U.S. Large Caps -4.6% 0.3% 1.8% 2.1%
U.S. Small Caps -5.5% -4.6% -3.5% 1.4%
Non-U.S.World -2.1% -12.0% -8.9% 3.5%
Non-U.S.Developed -2.3% -11.4% -9.0% 3.7%
Japan -1.9% -8.4% -6.7% 2.4%
Emerging -1.3% -13.4% -8.7% 3.1%
Asia ex-Japan  -1.5% -13.3% -9.4% 2.9%
BondsWeekYTD12 MonthsYield
U.S. Treasuries 1.0% -0.3% -0.2% 2.8%
U.S. TIPS 0.6% -1.2% -0.6% 3.0%
U.S. Investment Grade 0.8% -3.2% -2.7% 4.3%
U.S. High Yield -0.1% -0.1% 0.2% 7.3%
U.S. Municipals 0.7% 0.8% 0.5% 2.8%
Non-U.S. Developed 0.9% -3.4% -2.5% 1.0%
Emerging Market $ Bonds 0.8% -4.7% -4.3% 6.9%
CommoditiesWeekYTD12 MonthsLevel
Brent Crude Oil 5.0% -7.8% -0.9% $61.67
Gold 2.4% -4.1% 0.2% $1,249
Copper -0.9% -15.2% -6.4% $6,145
CurrenciesWeekYTD12 MonthsLevel
Euro/USD 0.5% -5.2% -3.3% 1.14
USD/Yen -0.8% 0.0% -0.4% 112.69
Pound/USD -0.2% -5.8% -5.6% 1.27

Source: Bloomberg. As of December 7, 2018.
Notes: Weekly data through Friday. Equity and bond performance are measured in total index returns in U.S. dollars. U.S. large caps are represented by the S&P 500 Index; U.S. small caps are represented by the Russell 2000 Index; Non-U.S. world equity by the MSCI ACWI ex U.S.; non-U.S. developed equity by the MSCI EAFE Index; Japan, Emerging and Asia ex-Japan by their respective MSCI Indexes; U.S. Treasuries by the Bloomberg Barclays U.S. Treasury Index; U.S. TIPS by the U.S. Treasury Inflation Notes Total Return Index; U.S. investment grade by the Bloomberg Barclays U.S. Corporate Index; U.S. high yield by the Bloomberg Barclays U.S. Corporate High Yield 2% Issuer Capped Index; U.S. municipals by the Bloomberg Barclays Municipal Bond Index; non-U.S. developed bonds by the Bloomberg Barclays Global Aggregate ex USD; and emerging market $ bonds by the JP Morgan EMBI Global Diversified Index. Brent crude oil prices are in U.S. dollars per barrel, gold prices are in U.S. dollar per troy ounce and copper prices are in U.S. dollar per metric ton. The Euro/USD level is represented by U.S. dollar per euro, USD/JPY by yen per U.S. dollar and Pound/USD by U.S. dollar per pound. Index performance is shown for illustrative purposes only. It is not possible to invest directly in an index. Past performance is not indicative of future results.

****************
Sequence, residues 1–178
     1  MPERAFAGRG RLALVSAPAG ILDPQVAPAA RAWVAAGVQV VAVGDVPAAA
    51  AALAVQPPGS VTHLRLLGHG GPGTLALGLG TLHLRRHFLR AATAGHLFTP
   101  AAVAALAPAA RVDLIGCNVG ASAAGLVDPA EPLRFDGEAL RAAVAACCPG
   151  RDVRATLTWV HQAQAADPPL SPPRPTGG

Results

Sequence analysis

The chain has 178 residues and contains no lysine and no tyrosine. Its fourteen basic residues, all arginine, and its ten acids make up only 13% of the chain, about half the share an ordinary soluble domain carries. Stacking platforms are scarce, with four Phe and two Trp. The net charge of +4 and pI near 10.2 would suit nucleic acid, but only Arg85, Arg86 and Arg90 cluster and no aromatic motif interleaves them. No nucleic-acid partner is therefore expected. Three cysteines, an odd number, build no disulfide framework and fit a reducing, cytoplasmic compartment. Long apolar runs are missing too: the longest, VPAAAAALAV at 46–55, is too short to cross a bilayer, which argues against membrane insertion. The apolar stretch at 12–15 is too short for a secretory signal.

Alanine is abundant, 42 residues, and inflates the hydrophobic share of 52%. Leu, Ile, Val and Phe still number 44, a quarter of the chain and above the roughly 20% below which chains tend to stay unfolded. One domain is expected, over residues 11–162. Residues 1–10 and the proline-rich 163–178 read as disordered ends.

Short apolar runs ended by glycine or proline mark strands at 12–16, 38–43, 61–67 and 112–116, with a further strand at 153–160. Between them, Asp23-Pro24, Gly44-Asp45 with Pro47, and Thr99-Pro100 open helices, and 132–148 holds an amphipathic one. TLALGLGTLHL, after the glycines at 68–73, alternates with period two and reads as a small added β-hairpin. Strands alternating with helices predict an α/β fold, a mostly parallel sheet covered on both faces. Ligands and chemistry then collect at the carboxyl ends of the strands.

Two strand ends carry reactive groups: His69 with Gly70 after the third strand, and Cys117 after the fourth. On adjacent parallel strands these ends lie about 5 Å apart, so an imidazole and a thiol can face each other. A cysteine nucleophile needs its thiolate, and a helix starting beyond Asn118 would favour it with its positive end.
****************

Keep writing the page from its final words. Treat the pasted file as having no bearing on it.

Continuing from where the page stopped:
Asset class views

Views from a U.S. dollar perspective over a three-month horizon

 

Asset Class View Comments
Equities U.S. icon-up Solid corporate earnings and strong economic growth underpin our positive view. We have a growing preference for quality companies with strong balance sheets as the 2019 macro and earnings outlooks become more uncertain. Health care is among our favored sectors.
Europe icon-down Relatively muted earnings growth, weak economic momentum and political risks are challenges. A value bias makes Europe less attractive without a clear catalyst for value outperformance. We prefer higher-quality, globally-oriented names.
Japan icon-neutral We see a weaker yen, solid corporate fundamentals and cheap valuations as supportive, but await a clear catalyst to propel sustained outperformance. Other positives include shareholder-friendly corporate behavior, central bank stock buying and political stability.
EM icon-up Attractive valuations and a backdrop of economic reforms and robust earnings growth support the case for EM stocks. We view financial contagion risks as low. Uncertainty around trade is likely to persist, though much has been priced in. We see the greatest opportunities in EM Asia.